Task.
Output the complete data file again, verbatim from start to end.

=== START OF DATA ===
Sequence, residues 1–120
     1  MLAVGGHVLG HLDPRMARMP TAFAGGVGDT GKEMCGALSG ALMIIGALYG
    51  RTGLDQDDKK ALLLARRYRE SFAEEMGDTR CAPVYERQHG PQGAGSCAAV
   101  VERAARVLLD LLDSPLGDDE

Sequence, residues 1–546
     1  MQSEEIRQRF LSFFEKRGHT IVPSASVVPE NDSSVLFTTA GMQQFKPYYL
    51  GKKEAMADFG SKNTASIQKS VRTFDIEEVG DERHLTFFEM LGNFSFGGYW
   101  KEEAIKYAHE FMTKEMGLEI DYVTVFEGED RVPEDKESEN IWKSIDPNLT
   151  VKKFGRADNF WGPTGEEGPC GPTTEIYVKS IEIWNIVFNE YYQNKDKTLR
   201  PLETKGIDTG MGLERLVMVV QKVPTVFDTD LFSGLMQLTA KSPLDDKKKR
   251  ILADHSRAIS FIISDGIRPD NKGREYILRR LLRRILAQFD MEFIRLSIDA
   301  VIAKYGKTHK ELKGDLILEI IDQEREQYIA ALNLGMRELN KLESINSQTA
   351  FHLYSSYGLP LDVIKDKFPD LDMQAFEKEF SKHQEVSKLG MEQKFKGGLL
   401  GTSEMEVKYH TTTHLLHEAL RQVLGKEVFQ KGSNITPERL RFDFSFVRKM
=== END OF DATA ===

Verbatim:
Sequence, residues 1–120
     1  MLAVGGHVLG HLDPRMARMP TAFAGGVGDT GKEMCGALSG ALMIIGALYG
    51  RTGLDQDDKK ALLLARRYRE SFAEEMGDTR CAPVYERQHG PQGAGSCAAV
   101  VERAARVLLD LLDSPLGDDE

Sequence, residues 1–546
     1  MQSEEIRQRF LSFFEKRGHT IVPSASVVPE NDSSVLFTTA GMQQFKPYYL
    51  GKKEAMADFG SKNTASIQKS VRTFDIEEVG DERHLTFFEM LGNFSFGGYW
   101  KEEAIKYAHE FMTKEMGLEI DYVTVFEGED RVPEDKESEN IWKSIDPNLT
   151  VKKFGRADNF WGPTGEEGPC GPTTEIYVKS IEIWNIVFNE YYQNKDKTLR
   201  PLETKGIDTG MGLERLVMVV QKVPTVFDTD LFSGLMQLTA KSPLDDKKKR
   251  ILADHSRAIS FIISDGIRPD NKGREYILRR LLRRILAQFD MEFIRLSIDA
   301  VIAKYGKTHK ELKGDLILEI IDQEREQYIA ALNLGMRELN KLESINSQTA
   351  FHLYSSYGLP LDVIKDKFPD LDMQAFEKEF SKHQEVSKLG MEQKFKGGLL
   401  GTSEMEVKYH TTTHLLHEAL RQVLGKEVFQ KGSNITPERL RFDFSFVRKM